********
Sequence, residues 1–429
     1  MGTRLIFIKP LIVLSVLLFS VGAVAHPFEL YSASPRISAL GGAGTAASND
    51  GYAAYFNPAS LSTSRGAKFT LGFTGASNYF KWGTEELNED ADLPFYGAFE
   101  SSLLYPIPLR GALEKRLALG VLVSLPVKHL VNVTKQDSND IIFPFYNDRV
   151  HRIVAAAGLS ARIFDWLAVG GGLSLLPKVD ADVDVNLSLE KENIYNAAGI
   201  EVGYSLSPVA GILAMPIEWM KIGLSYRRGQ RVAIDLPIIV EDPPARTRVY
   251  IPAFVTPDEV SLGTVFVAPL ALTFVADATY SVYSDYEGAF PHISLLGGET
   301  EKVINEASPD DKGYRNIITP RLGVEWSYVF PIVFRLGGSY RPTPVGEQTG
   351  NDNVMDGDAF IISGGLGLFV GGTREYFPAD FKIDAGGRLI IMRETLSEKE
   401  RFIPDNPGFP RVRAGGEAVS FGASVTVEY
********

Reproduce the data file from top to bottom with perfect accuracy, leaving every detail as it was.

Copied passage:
Sequence, residues 1–429
     1  MGTRLIFIKP LIVLSVLLFS VGAVAHPFEL YSASPRISAL GGAGTAASND
    51  GYAAYFNPAS LSTSRGAKFT LGFTGASNYF KWGTEELNED ADLPFYGAFE
   101  SSLLYPIPLR GALEKRLALG VLVSLPVKHL VNVTKQDSND IIFPFYNDRV
   151  HRIVAAAGLS ARIFDWLAVG GGLSLLPKVD ADVDVNLSLE KENIYNAAGI
   201  EVGYSLSPVA GILAMPIEWM KIGLSYRRGQ RVAIDLPIIV EDPPARTRVY
   251  IPAFVTPDEV SLGTVFVAPL ALTFVADATY SVYSDYEGAF PHISLLGGET
   301  EKVINEASPD DKGYRNIITP RLGVEWSYVF PIVFRLGGSY RPTPVGEQTG
   351  NDNVMDGDAF IISGGLGLFV GGTREYFPAD FKIDAGGRLI IMRETLSEKE
   401  RFIPDNPGFP RVRAGGEAVS FGASVTVEY